Fans of the more observant royals will have noticed that the British these days usually wear a small flower on their lapel.
The flower is actually a red poppy, or ed poppy and is a symbol with which they remember those who died in the First World War, also remembered as the great war and has its origin in the poem 'In the fields of Flanders' by John Mc Cae:
“From our inert hands we throw the torch at you;
it's your job to keep it up.
If you betray us who lost our lives, we will never rest
although the poppies grow in the fields of Flanders”.
The French fields were plagued with poppies where thousands of Britons died during the First World War.
Not only royalty wears this symbol: many people carry this poppy on their chest, from the end of October to November 11,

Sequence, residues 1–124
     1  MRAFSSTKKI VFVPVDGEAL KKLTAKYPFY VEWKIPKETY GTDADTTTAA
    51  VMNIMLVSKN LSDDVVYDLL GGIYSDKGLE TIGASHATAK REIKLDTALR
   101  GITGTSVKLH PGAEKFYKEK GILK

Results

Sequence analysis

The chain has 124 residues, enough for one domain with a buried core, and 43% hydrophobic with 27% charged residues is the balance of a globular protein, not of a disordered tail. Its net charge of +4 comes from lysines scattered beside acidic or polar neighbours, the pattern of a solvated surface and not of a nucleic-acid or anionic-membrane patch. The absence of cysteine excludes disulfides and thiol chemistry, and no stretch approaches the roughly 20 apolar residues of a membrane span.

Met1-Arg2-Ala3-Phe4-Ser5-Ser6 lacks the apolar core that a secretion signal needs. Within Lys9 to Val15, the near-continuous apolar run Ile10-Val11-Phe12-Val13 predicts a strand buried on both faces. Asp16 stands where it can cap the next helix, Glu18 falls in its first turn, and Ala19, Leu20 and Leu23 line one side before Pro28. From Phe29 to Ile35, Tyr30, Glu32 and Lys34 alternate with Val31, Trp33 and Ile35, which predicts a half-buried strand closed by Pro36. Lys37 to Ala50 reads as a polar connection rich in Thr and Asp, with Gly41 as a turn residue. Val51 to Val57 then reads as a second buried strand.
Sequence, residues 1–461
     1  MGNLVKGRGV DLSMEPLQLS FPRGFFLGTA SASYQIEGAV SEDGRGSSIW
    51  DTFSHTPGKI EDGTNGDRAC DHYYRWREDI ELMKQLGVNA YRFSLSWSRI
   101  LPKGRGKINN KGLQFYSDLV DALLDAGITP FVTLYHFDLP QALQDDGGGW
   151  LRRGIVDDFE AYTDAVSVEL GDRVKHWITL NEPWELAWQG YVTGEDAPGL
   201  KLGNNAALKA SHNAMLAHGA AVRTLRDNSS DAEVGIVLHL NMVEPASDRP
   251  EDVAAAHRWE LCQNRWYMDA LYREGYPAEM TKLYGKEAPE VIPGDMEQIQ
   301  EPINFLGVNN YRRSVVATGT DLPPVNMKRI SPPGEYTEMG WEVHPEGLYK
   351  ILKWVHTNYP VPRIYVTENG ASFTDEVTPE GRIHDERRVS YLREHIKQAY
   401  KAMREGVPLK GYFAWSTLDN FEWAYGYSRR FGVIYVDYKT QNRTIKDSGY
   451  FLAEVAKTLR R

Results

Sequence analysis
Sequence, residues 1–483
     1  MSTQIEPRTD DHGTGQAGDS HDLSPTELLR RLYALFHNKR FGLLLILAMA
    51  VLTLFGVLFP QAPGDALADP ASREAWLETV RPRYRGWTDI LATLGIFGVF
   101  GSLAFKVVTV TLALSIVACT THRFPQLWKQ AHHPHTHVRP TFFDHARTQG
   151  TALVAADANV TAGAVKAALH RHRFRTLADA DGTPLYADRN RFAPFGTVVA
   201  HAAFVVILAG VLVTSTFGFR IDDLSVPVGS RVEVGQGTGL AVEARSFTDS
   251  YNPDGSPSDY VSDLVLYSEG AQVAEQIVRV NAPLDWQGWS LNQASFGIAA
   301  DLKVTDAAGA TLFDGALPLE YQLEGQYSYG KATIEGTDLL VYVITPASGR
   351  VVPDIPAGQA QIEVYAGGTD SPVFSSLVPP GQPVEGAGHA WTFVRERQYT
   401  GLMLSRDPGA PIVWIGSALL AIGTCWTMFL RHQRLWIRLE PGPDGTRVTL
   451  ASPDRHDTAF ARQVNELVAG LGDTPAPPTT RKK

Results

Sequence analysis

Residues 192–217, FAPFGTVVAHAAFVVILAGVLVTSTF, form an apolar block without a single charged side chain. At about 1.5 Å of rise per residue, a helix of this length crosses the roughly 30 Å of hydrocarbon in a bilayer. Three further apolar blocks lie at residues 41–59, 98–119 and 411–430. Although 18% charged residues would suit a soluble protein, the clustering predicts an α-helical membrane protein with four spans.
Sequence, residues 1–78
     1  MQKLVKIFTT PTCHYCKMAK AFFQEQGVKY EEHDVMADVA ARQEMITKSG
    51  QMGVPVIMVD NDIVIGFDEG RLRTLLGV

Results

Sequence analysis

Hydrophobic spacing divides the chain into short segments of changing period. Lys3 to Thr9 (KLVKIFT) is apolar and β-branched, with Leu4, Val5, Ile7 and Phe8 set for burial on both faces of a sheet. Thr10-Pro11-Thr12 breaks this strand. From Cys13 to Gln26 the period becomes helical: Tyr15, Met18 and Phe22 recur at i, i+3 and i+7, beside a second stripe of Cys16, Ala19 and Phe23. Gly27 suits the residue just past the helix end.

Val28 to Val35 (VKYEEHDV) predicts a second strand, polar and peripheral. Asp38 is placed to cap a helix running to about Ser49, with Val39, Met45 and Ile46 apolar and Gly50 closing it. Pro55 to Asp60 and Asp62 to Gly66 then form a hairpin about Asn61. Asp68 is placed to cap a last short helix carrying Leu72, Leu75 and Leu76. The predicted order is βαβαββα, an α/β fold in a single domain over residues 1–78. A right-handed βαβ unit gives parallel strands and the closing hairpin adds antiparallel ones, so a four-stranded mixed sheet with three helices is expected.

November 11 was the day the armistice was signed ending the bloody war and is celebrated as Remembrance Day or Remembrance Day to remember fallen soldiers.
The most sympathetic note to these dramatic celebrations was put yesterday by a veteran on the verge of turning one hundred years whom Meghan Markle approached to hug him. According to witnesses, she left a little makeup on her uniform and on the poppy on her lapel.
The old soldier reacted happily and they heard him assure that he will not wash those clothes again to keep alive the memory of such a royal encounter.
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